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Control of breath underpins all speaking and singing. Air is taken into the lungs either through the mouth or nose as we breathe in, and passes out of the body as we breathe out. On its way out, it passes through the larynx and is used to power the voice. The control of airflow must be the job of the breath support system and, when properly supported, the voice will emerge freely and under control.

The following are the most important parts of the anatomy with regard to the use of breath in singing:

  • the lungs, which hold the air when it is inhaled
  • the diaphragm, which controls the inhalation of the air
  • the abdominal muscles, which control the exhalation of the air
  • related muscle groups in the back and pelvic floor, which support the abdominal muscles


The Lungs

These are large sacs lying within the rib cage, above the diaphragm. Their main purpose is to provide the body with oxygen which they extract from the inhaled air. The air left over is then exhaled, and it is from this that we can make sound. Lungs cannot inflate or deflate by themselves because they have no muscles of their own. They inflate and deflate due to the action of the diaphragm.

The Diaphragm

The diaphragm is a sheet of muscle attached to the lower edges of the rib cage and to the spine at the back. It lies deep inside the body under the rib cage. You can feel the effect of it moving when you touch the upper abdominal muscles, but you are not touching the diaphragm itself. When relaxed, the diaphragm lies in a dome shape underneath the deflated lungs. When it contracts, it moves downwards towards the abdomen and the lungs fill with air.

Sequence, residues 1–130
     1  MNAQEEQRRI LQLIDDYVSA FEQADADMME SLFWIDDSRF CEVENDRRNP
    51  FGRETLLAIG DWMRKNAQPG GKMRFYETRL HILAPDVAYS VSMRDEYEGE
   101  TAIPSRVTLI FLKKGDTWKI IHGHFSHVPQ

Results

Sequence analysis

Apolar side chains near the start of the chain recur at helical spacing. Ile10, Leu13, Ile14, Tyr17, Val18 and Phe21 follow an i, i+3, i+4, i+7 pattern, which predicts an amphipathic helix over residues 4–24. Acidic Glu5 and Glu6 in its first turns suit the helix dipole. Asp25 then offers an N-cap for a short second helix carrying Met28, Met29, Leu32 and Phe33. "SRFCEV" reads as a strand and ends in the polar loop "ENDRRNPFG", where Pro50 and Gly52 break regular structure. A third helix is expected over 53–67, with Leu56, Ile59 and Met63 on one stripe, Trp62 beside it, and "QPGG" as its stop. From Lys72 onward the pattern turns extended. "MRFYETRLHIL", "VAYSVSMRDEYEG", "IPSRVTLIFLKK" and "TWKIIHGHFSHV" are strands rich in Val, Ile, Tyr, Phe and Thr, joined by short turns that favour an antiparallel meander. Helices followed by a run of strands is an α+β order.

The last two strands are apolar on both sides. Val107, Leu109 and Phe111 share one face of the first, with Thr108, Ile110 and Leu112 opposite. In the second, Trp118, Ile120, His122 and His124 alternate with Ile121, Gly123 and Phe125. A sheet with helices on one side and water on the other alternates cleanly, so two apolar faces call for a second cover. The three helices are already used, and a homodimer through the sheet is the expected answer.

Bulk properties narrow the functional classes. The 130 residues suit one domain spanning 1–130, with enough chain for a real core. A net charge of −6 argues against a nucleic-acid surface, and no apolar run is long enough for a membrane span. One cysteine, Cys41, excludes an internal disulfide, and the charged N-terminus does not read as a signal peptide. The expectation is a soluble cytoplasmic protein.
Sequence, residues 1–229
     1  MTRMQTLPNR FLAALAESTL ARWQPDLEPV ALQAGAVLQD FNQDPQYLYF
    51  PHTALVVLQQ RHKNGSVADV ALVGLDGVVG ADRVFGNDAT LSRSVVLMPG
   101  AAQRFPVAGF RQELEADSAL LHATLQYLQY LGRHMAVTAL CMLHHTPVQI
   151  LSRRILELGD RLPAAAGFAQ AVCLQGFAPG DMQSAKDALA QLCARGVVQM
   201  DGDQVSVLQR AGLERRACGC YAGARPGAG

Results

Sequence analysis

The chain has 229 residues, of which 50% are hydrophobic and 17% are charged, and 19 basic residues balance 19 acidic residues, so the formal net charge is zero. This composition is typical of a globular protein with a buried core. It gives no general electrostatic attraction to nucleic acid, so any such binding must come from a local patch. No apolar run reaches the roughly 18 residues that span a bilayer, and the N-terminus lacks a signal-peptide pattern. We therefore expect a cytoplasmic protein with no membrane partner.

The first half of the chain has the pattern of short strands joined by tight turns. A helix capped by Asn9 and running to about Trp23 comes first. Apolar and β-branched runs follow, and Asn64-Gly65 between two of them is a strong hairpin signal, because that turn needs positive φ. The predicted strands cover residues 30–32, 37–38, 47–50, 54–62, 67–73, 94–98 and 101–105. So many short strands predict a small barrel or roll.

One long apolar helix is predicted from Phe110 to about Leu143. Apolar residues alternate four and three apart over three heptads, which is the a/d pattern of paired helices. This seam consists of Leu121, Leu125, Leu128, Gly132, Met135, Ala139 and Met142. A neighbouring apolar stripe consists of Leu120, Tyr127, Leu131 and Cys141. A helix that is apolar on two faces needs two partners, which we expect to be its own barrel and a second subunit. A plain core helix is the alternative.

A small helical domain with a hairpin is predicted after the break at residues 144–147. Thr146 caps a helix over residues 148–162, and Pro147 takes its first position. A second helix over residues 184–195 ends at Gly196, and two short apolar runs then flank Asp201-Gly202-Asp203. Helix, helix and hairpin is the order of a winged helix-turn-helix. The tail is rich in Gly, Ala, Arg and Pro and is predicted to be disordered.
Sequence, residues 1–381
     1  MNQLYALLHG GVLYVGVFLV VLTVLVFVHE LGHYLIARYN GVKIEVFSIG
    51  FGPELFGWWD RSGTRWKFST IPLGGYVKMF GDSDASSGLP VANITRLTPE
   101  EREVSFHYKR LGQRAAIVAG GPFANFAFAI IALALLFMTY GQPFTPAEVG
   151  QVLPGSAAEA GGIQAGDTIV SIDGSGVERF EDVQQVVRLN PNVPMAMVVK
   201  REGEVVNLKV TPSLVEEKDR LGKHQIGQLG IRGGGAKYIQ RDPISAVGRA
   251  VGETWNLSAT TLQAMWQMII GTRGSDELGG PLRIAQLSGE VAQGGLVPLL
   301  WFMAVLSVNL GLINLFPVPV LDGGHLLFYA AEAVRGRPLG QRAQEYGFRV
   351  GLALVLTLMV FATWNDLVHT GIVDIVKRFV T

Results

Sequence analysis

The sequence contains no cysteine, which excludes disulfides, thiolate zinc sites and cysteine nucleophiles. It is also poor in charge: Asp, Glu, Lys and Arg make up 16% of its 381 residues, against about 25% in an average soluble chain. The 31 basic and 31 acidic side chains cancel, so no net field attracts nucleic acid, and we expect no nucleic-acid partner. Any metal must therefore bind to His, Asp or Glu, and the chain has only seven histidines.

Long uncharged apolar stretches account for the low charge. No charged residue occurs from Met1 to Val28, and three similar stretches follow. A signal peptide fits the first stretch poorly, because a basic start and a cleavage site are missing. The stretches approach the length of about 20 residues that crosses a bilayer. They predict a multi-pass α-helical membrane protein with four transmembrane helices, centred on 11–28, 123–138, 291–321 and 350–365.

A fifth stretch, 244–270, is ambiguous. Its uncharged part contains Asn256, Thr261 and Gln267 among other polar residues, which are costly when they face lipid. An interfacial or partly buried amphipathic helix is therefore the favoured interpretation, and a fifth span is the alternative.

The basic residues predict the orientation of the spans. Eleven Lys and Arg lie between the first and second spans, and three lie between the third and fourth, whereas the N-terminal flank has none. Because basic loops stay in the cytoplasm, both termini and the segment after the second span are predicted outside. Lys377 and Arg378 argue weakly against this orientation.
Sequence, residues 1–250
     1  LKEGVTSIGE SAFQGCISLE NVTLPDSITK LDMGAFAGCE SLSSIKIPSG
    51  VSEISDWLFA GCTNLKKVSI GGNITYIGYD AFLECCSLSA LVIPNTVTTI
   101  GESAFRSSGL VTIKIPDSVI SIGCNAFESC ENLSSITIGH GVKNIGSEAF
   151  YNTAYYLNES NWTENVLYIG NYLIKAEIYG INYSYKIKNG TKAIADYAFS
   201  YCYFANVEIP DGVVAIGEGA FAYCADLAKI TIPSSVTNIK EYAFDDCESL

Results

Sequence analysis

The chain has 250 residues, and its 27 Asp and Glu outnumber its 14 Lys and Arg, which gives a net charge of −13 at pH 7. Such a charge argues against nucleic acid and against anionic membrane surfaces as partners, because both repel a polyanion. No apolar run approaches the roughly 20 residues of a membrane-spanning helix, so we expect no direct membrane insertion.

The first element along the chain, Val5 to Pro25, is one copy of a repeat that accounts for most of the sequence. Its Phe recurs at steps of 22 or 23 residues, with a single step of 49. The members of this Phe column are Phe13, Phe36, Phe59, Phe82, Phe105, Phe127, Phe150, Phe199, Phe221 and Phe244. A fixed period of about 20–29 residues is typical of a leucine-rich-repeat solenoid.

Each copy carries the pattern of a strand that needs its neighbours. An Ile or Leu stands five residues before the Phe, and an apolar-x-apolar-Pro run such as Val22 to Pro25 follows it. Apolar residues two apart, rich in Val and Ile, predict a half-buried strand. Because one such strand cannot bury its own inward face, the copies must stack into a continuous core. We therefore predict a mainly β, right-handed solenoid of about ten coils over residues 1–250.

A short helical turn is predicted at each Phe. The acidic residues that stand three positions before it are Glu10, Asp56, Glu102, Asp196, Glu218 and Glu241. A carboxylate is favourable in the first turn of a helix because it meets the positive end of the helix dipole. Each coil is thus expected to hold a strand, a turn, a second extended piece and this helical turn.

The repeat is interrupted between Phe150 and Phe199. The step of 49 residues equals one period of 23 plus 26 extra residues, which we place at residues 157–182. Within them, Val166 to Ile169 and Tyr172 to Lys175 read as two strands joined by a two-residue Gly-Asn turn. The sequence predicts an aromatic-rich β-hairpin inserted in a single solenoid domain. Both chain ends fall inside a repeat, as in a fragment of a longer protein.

Diaphragmatic breathing is often considered to be a support mechanism in singing. However, we use the diaphragm to breathe in. When we sing, we are breathing out! The diaphragm is relaxing as we breathe out (exhale), so it is losing energy and can’t be depended upon to support the voice. Breath support for singing in fact comes from the muscles which control exhalation, the outward flow of breath. These other muscle groups support the breath, giving power to the voice – and are particularly important for long phrases, whether spoken or sung.

When the lungs are full, the diaphragm will have contracted and moved downwards. This action creates the inhalation of air and the lungs inflate.

When there is little breath in the lungs, the diaphragm is relaxed and sits high in the rib cage.

Locking or holding the diaphragm interferes with and impedes the free flow of air. The diaphragm can become locked if the rib cage is constantly being held in a rigid, high position. This is a common problem, since some people mistakenly believe that this ‘military’ posture is good for singing. But flexibility is the key to success in singing, and it stems from well-aligned posture.

Ross Campbell
Professor of Singing, Royal Academy of Music, London
Director & Head of Singing, Musical Theatre Ireland, MTI
Award winning Author for ABRSM Songbooks 1 - 5
1-to-1 Vocal Training & Consultations available
www.rosscampbell.biz
www.musicaltheatreireland.ie

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dailysingingtipsukRoss Campbell is the founder behind Daily Singing Tips. Ross is an award winning graduate of the Royal College of Music in London and has extensive experience and .....

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